Rocking A Corporate Culture or Rampantly Discriminating?

One of the last slides in the presentation.

 

When the organizers of the 2012 HR Florida Conference & Expo had their already-paid opening keynote cancel due to Tropical Storm Isaac, they had to scramble a bit to find a substitute.

That scrambling paid off well, because they found a great opening keynote speaker in Jim Knight. Jim was with Hard Rock Cafe for over 20 years, most recently as the senior director of global training and development. His presentation was titled “Create a Rocking Corporate Culture” – or something like that. His engaging and lively discussion centered around the idea that developing a corporate culture is an important part of business success, and that there are specific, positive steps that can be taken to develop that culture.

Now I don’t have an issue with that general premise, and I certainly don’t know anything about what Hard Rock does specifically to hire people who are the “proper” cultural fit, so I am not claiming that they engage in discrimination. But I can tell you this: one of Jim Knight’s early slides showed a 30-ish white female waitress. His explanation for that slide was that when Hard Rock first opened in 1971, they wanted to hire the 30-ish, more mature-looking female so that diners could feel like they were being served by their mother. That slide was their hiring target.

Sounds a little – no, a lot – discriminatory to me. Both sexist and ageist, as a matter of fact.

But Jim went on to say that it was different today, and that Hard Rock hired all kinds of people. And while he was explaining this shift in hiring philosophy, he showed a different slide. That slide contained pictures of 3 or 4 people. All were youthful, with tattoos and piercings and what an older person (like me) would call a “punk rock” appearance.

Not one middle aged white guy wearing a buttoned-down shirt in the picture. That’s a little – no, a lot – discriminatory, too, isn’t it?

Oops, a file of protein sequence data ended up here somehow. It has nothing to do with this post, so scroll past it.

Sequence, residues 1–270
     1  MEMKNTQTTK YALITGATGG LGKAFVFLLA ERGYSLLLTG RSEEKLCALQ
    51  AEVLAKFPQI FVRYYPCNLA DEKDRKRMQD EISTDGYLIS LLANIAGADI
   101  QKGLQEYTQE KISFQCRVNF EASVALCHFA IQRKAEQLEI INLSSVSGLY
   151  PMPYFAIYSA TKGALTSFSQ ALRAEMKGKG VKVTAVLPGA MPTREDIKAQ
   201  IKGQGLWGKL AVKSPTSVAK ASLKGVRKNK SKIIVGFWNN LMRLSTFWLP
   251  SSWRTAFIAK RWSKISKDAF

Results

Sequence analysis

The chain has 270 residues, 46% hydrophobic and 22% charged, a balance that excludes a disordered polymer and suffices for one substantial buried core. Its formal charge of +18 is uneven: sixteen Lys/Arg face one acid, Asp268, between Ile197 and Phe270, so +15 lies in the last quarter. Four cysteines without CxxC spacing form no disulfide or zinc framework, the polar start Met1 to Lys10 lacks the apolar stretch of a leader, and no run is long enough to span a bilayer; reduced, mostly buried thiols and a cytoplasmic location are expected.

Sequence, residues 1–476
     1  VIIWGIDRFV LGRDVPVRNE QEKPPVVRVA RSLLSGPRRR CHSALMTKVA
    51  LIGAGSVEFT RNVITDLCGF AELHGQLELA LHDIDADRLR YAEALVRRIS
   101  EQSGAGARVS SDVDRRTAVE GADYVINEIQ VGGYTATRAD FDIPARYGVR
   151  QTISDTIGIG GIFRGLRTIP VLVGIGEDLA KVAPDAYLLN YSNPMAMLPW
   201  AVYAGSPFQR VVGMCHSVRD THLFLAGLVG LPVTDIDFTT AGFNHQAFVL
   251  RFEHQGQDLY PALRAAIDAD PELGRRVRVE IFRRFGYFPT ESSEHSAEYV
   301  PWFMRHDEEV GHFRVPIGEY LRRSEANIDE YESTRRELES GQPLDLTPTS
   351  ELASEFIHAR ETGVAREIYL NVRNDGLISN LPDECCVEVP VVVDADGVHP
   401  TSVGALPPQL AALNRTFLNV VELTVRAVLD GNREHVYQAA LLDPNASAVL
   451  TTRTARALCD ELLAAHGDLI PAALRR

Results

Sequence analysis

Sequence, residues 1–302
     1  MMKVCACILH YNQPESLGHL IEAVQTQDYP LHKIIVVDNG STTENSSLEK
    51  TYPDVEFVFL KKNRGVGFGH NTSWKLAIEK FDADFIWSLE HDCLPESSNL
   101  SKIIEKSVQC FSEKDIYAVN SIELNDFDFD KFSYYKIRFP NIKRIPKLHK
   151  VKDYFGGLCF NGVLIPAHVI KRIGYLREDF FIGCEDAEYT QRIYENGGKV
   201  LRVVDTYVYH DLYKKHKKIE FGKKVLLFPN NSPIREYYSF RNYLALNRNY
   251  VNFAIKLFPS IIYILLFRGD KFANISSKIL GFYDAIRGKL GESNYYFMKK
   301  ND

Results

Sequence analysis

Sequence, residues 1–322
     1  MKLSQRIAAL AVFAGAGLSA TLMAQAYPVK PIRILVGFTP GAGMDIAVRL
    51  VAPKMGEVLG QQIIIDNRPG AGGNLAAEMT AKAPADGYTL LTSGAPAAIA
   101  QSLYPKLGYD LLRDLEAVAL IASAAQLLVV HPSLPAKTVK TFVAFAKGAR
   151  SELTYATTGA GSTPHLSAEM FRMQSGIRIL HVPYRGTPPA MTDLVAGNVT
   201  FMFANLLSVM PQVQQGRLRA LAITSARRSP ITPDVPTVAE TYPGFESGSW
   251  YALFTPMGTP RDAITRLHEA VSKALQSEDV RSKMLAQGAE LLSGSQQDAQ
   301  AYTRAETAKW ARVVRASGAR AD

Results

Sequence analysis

I will repeat that Hard Rock may have all kinds of boomers and traditionalists working in their stores, but Jim Knight didn’t choose to show them on his slides because they aren’t as visually appealing when you are giving a talk about rocking corporate culture. So this is not a condemnation of his presentation or former company. But I do believe that anytime an organization hires for any reason other than knowledge, skills, and abilities (KSAs), there is an exponential leap in the potential for discrimination.

In fact, this current emphasis on hiring for cultural fit can, by itself, create a corporate culture of discrimination. If Hard Rock were to hire only the youthful and tattooed, does that not create a work culture that by itself discriminates against the aged?

Some scholars have pointed out the discriminatory pitfalls of over-emphasis on work culture. One legal scholar even argued that organizational culture or work culture was actually a tool for controlling employee behavior as opposed to empowering employees as some organizations suggest. In calling for more thorough judicial review of discrimination claims, that same scholar stated:

Recognizing the discriminatory potential of work culture and the increasing importance of conformity with work culture to job success should, at the very least, trigger modest reforms in the way courts and litigants think about traditional discrimination claims.

Since no one wants more lawyers involved in determining their employment practices, be very careful when stepping outside of traditional KSAs and hiring for “culture”.

Does your organization hire for cultural fit? What do you do to ensure that those hiring norms are not discriminatory?